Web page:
Editorial: Are penalties for pot productive?
Snoop Dogg advises to “smoke weed everyday.” The American Academy of Child and Adolescent Psychiatry warns that “marijuana use is not benign.” The legalization of marijuana is a nationwide debate, which only becomes more complicated as more states alter their laws and the federal government does not. But as residents of Oregon and students of a federally-funded university, we are in a unique, conflicting intersection.
We don’t want to debate the legalization of marijuana. The Beacon is not taking a position on the benefits or risks of using marijuana. We want to talk about the University policy — right now — in this complicated time of transition, when students are stuck in a difficult position.
According to the Life on the Bluff student handbook, the University of Portland prohibits the possession and/or use of marijuana by students, faculty or staff both on and off campus, “regardless of its status in the State of Oregon, or whether or not an individual possesses a prescription for medical use.”
But possible sanctions include: a warning, apology letter, monetary fine, community service hours, educational project or paper, referral to services (e.g., Health Center, Shepard Academic Resource Center), restriction of privileges, alcohol or drug education or assessment, restitution, transfer/loss of on-campus housing privileges or even suspension.
Student conduct cases are always treated on a case-by-case basis. There’s no formula for responding to an incident of underage drinking or a possession of marijuana case.
Some of these sanctions make sense. If a student’s use of marijuana is causing problems for our community, they should write an apology. If they damaged property, they should pay to replace it. If they clearly have a problem with controlling their behaviors and limiting how they use marijuana, they should participate in an education program or assessment process.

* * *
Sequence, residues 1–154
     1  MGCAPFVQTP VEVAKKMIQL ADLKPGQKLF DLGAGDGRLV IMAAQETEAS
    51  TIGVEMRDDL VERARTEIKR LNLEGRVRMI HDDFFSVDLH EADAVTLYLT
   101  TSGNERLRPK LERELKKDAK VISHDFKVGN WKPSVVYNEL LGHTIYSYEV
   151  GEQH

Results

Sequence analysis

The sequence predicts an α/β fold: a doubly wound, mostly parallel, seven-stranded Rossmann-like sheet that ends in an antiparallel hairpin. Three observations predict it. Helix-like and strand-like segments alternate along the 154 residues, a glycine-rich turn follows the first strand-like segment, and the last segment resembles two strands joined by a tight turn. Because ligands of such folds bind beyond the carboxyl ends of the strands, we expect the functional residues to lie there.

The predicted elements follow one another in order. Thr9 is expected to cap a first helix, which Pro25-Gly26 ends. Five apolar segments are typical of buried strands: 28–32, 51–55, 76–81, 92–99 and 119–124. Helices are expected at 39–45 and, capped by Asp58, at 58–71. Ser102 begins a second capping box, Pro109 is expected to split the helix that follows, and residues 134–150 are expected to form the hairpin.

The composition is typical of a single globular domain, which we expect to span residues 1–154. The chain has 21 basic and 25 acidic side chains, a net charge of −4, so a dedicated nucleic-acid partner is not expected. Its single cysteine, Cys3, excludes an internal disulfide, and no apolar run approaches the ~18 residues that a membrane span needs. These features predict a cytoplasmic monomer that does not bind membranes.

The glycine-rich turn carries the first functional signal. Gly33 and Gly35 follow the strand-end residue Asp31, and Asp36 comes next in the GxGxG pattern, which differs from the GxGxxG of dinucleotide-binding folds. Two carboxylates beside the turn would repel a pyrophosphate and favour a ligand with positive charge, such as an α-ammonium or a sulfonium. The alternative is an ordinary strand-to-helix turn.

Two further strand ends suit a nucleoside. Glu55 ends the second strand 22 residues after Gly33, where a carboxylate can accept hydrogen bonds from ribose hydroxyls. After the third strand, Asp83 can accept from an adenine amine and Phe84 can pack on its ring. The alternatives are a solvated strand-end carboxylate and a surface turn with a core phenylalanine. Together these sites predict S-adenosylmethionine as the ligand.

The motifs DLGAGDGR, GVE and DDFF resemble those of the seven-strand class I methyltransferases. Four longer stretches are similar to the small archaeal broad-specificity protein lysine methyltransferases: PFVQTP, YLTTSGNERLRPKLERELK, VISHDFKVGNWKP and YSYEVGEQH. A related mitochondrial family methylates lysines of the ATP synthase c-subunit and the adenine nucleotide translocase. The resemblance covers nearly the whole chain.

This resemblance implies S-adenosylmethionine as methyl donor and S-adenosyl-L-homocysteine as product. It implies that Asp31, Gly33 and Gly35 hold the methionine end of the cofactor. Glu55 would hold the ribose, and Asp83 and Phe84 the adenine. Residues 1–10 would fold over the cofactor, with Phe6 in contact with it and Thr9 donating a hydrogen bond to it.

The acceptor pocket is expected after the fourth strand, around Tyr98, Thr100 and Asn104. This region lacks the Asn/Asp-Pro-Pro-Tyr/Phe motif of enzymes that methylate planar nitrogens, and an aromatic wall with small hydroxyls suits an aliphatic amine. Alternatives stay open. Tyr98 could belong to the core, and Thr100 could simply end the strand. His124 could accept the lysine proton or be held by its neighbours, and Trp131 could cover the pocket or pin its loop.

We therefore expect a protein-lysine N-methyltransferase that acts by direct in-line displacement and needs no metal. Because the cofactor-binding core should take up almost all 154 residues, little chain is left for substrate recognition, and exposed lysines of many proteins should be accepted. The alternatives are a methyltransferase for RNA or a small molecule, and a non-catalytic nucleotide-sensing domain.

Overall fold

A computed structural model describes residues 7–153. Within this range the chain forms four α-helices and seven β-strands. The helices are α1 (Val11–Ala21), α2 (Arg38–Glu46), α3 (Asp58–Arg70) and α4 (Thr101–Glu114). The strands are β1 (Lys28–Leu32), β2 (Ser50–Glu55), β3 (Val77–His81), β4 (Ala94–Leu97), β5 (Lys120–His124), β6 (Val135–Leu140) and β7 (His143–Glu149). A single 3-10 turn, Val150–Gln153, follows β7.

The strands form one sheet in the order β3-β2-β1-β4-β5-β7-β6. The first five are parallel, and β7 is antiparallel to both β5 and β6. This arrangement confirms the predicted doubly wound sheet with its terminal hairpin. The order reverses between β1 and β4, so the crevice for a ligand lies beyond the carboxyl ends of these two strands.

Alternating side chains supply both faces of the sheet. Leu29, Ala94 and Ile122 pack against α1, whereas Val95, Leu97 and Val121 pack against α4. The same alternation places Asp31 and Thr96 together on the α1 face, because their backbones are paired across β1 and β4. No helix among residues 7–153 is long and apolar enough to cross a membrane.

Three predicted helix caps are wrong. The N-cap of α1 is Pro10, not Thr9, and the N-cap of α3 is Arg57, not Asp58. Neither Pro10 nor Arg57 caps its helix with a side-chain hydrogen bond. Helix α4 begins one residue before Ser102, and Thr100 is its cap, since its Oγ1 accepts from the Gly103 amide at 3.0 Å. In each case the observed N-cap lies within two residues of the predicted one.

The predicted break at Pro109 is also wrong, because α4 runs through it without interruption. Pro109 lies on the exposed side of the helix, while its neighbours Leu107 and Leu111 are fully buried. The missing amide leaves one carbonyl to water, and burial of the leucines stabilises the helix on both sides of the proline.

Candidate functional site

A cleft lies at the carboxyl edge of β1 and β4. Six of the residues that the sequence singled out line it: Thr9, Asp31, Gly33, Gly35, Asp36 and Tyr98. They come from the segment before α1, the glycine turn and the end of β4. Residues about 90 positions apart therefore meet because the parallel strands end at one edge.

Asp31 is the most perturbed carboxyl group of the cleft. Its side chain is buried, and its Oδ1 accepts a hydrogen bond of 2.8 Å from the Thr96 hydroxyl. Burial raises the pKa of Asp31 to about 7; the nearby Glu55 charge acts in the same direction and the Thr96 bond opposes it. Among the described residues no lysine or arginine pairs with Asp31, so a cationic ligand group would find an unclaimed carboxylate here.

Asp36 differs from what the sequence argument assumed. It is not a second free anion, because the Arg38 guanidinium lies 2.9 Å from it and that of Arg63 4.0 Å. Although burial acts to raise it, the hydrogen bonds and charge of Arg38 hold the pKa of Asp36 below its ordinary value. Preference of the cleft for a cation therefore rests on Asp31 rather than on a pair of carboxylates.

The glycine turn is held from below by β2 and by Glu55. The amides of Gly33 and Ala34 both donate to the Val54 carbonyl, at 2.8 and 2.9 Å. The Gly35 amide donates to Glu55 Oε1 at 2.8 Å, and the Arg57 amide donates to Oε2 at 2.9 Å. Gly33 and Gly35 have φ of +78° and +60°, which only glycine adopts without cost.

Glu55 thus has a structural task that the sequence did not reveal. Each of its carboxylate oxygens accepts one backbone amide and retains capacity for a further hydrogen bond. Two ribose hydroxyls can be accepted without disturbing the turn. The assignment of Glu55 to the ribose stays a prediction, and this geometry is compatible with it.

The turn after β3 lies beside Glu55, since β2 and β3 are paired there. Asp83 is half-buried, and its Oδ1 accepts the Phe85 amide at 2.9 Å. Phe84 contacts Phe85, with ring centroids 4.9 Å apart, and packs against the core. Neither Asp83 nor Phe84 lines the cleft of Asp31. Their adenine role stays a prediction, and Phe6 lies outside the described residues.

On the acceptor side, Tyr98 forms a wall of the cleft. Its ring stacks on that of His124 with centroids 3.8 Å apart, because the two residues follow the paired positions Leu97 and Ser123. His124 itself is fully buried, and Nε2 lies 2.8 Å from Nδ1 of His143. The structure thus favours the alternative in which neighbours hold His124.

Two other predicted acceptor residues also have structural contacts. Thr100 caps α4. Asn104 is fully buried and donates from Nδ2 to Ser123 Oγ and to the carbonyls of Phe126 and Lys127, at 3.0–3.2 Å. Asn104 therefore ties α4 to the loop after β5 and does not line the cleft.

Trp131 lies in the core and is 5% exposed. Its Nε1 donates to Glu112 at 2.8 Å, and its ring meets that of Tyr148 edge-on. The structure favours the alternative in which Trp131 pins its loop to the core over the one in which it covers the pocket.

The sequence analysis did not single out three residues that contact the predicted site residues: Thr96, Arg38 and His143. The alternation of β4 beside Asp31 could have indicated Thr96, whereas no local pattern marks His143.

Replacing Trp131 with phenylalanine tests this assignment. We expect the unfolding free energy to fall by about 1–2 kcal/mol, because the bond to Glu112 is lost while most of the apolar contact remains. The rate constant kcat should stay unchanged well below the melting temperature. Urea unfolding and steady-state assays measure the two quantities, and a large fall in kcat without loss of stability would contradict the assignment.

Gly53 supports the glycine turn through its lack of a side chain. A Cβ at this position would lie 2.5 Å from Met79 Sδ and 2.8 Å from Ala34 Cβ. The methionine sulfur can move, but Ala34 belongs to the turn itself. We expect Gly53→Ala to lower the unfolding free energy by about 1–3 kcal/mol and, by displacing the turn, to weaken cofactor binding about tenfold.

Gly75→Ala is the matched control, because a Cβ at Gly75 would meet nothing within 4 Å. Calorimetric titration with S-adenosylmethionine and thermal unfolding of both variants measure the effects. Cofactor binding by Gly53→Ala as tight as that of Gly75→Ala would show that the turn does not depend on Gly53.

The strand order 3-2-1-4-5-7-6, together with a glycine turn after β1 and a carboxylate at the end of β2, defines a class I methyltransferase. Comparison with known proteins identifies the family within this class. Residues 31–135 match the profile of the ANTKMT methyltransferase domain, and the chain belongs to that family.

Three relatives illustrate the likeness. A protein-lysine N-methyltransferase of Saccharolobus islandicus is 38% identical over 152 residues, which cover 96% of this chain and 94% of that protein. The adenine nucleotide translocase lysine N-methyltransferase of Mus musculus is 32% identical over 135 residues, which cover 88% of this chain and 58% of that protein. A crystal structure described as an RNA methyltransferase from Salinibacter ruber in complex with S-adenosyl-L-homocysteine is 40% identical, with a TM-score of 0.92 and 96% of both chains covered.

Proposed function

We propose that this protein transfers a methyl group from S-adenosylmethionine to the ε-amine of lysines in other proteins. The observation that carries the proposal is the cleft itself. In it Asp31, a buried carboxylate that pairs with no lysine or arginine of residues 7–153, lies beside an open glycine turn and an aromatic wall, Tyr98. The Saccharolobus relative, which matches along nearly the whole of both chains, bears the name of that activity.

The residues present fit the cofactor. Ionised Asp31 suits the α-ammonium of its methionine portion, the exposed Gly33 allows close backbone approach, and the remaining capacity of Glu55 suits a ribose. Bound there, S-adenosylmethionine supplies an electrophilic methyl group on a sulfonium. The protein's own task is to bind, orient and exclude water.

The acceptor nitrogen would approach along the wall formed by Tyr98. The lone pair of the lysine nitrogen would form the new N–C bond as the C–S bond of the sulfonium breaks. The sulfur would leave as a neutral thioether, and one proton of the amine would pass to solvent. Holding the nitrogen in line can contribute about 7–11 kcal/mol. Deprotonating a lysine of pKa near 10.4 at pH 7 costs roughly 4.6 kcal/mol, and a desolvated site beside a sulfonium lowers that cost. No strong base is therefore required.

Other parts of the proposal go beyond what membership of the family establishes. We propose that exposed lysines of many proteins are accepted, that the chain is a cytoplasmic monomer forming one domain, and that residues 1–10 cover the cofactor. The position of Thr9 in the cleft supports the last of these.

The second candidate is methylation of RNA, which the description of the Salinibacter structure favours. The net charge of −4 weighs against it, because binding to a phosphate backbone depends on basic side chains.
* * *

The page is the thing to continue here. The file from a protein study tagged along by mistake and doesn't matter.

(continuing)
But suspension doesn’t make sense. If, like the handbook states, “sanctions are designed with specific learning outcomes in mind,” what is a student really learning about healthy behavior and healthy use of marijuana if they’re dismissed from the University?
If a student is forced to leave UP because of marijuana use/possession, what do they learn? Leaving the University doesn’t prevent them from not continuing possibly harmful behaviors. If anything, leaving the University only deprives them of the guidance and support of a caring, educated community.
We’re not trying to say that the University’s conduct process is too simplistic or not considerate of the students. We know that the University puts a lot of effort to make sure students are taken care of. Alex Hermanny, Associate Director of Community Standards, said he knows there’s gray area when dealing with any conduct issue.
We want to encourage the University to continue to consider the complexities of every conduct case — and to really consider the benefits, support and guidance a student might lose by losing their place at the University of Portland.
Suspending a student for using or possessing marijuana is too harsh a sanction — especially given the complexities of the changing legal status. Suspension won’t make a student stop using marijuana, but it might deny a student the community support they need to overcome whatever challenges they’re dealing with.
Yes, marijuana is illegal on a federal level. And we understand that the University must abide by federal law. But we want the University to give students as many second chances as possible. Keeping a student on campus, even if they break the rules, might provide the supportive environment they need to change their (possibly) harmful behaviors into healthier alternatives.